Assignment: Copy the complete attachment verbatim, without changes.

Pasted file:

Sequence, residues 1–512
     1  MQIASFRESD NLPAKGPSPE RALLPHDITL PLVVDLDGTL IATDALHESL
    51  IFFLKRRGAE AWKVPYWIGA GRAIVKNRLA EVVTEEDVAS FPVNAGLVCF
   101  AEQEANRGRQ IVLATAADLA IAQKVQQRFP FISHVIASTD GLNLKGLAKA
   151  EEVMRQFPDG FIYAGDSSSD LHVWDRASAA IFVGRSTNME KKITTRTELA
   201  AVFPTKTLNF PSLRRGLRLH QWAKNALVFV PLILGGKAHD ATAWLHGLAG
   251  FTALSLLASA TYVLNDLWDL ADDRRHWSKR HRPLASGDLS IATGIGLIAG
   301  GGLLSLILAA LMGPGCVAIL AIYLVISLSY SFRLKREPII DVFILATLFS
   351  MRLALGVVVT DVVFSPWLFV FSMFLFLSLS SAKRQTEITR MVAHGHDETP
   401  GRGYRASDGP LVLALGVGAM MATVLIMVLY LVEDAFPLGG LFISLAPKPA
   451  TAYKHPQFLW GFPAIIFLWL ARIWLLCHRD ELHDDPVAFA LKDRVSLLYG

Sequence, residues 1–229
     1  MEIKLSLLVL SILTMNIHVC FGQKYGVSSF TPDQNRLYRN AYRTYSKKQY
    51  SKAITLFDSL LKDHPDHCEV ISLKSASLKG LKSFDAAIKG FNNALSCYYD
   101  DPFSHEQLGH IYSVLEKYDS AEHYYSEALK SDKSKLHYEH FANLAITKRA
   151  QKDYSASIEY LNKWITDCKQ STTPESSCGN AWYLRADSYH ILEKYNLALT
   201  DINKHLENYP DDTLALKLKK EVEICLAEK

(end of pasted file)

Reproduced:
Sequence, residues 1–512
     1  MQIASFRESD NLPAKGPSPE RALLPHDITL PLVVDLDGTL IATDALHESL
    51  IFFLKRRGAE AWKVPYWIGA GRAIVKNRLA EVVTEEDVAS FPVNAGLVCF
   101  AEQEANRGRQ IVLATAADLA IAQKVQQRFP FISHVIASTD GLNLKGLAKA
   151  EEVMRQFPDG FIYAGDSSSD LHVWDRASAA IFVGRSTNME KKITTRTELA
   201  AVFPTKTLNF PSLRRGLRLH QWAKNALVFV PLILGGKAHD ATAWLHGLAG
   251  FTALSLLASA TYVLNDLWDL ADDRRHWSKR HRPLASGDLS IATGIGLIAG
   301  GGLLSLILAA LMGPGCVAIL AIYLVISLSY SFRLKREPII DVFILATLFS
   351  MRLALGVVVT DVVFSPWLFV FSMFLFLSLS SAKRQTEITR MVAHGHDETP
   401  GRGYRASDGP LVLALGVGAM MATVLIMVLY LVEDAFPLGG LFISLAPKPA
   451  TAYKHPQFLW GFPAIIFLWL ARIWLLCHRD ELHDDPVAFA LKDRVSLLYG

Sequence, residues 1–229
     1  MEIKLSLLVL SILTMNIHVC FGQKYGVSSF TPDQNRLYRN AYRTYSKKQY
    51  SKAITLFDSL LKDHPDHCEV ISLKSASLKG LKSFDAAIKG FNNALSCYYD
   101  DPFSHEQLGH IYSVLEKYDS AEHYYSEALK SDKSKLHYEH FANLAITKRA
   151  QKDYSASIEY LNKWITDCKQ STTPESSCGN AWYLRADSYH ILEKYNLALT
   201  DINKHLENYP DDTLALKLKK EVEICLAEK